FROM THE PRINCIPAL'S DESK
It was the best of times, it was the worst of times, it was the age of wisdom, it was the age of foolishness, it was the epoch of belief, it was the epoch of incredulity, it was the season of Light, it was the season of Darkness, it was the spring of hope, it was the winter of despair...
- A Tale of Two Cities by Charles Dickens
These Dickensian words still resonate in our times with an uncanny dimension. We feel their presence all around. We see things turn more difficult for us to acknowledge. Everyone simply takes things so casually that the real values of life get lost. Don't they hurt us? Yes, they do. They hurt those who firmly believe in true values of life - or to be more precise - those who never do compromise anything unjust.
Yes, we are the educationists, or more broadly to say, the teachers, who never compromise duplicity or anything double-standard. We, at Brilliance, always work hard to get unique in our approach moving far away from the spiel of a corporate house that just attempts to sell a certain product with a goal to gain only.
The word 'gain' for us is something different. Our 'gain' is the innocent smiles of the younger lot who learn here how to succeed in life - not being an achiever but being a complete human being; because education, frankly speaking, is not a product or a saleable item. It can only be acquired at the expense of an intricate teaching skill. A learner can always be at ease if this is done properly by someone who has a flair for dispensing with this novel idea of teaching. And we, the members of faculty at Brilliance, constantly try to uphold this principle time and again to nurture these young minds lest they get wilted by any move, which perhaps, has become so banal with people elsewhere.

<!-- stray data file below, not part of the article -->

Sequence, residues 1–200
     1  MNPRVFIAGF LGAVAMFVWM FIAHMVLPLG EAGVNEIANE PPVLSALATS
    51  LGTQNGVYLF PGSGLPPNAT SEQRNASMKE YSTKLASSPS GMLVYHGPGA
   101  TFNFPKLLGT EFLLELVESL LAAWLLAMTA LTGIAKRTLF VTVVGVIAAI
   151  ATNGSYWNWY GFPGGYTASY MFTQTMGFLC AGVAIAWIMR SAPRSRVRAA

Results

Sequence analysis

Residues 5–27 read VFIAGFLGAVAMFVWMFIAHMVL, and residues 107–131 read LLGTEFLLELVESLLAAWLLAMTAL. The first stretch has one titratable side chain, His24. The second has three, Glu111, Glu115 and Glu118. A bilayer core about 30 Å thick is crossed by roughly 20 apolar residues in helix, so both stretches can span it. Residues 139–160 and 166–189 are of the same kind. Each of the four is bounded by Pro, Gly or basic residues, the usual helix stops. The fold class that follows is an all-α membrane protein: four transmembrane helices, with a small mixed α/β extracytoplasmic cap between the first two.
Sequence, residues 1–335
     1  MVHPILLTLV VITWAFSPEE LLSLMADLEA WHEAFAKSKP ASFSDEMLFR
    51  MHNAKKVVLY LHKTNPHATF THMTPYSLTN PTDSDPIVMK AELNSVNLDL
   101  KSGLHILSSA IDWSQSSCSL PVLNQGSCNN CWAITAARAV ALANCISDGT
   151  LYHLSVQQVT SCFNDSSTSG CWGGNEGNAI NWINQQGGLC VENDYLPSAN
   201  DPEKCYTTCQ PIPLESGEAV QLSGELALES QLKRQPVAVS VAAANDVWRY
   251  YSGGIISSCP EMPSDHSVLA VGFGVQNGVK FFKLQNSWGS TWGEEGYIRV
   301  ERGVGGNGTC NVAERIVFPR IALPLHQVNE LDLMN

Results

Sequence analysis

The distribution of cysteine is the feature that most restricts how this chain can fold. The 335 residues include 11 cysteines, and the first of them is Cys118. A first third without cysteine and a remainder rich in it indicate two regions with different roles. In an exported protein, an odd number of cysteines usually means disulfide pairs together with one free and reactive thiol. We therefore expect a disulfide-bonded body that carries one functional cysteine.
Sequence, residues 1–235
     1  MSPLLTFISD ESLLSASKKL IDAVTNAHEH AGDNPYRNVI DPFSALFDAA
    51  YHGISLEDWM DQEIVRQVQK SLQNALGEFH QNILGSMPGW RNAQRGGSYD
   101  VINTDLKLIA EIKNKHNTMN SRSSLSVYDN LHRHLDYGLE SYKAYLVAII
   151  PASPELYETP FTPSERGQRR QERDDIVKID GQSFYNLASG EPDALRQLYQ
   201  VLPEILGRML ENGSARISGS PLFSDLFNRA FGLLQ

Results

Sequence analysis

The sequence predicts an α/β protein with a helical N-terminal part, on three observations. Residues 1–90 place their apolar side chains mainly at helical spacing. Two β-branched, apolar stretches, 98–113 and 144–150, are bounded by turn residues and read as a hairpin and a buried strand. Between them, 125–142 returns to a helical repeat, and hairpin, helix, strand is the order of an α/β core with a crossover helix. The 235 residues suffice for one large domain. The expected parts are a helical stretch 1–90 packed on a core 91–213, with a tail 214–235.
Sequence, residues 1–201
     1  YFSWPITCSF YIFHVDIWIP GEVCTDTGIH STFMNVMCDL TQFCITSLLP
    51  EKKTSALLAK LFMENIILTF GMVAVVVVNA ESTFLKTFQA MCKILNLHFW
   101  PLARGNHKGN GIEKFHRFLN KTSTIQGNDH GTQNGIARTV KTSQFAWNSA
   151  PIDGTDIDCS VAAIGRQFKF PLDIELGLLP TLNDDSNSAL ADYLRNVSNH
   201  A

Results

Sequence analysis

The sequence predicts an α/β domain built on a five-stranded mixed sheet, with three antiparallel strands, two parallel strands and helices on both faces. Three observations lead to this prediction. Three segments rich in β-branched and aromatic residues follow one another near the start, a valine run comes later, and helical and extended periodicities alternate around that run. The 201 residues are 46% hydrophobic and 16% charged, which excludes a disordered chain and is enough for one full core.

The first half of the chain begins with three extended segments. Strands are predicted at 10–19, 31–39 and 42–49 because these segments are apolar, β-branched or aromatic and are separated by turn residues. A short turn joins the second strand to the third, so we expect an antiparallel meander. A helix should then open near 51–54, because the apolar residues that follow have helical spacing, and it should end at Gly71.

Our efforts have been bearing fruits ever since we vowed to avail ourselves of a new avenue far from the conventional method of teaching, that, otherwise, constricts the overall growth-pattern of a learner. We, at Brilliance, stop short of sermonising the methods a teacher must wield to fetch brownie-points but we rather formulate a simple strategy of letting a learner express his or her expectations at the beginning; and the rest eventually gets as easy as apple-pie for a teacher to propel growth.
No more mumbo-jumbos my dear; if 'seeing is believing' stands the chance of being an effective maxim, then just drop in to put its veracity to test and experience the claim we so proudly fan out as our sui generis.
Bye then, until we meet.
With warm regards,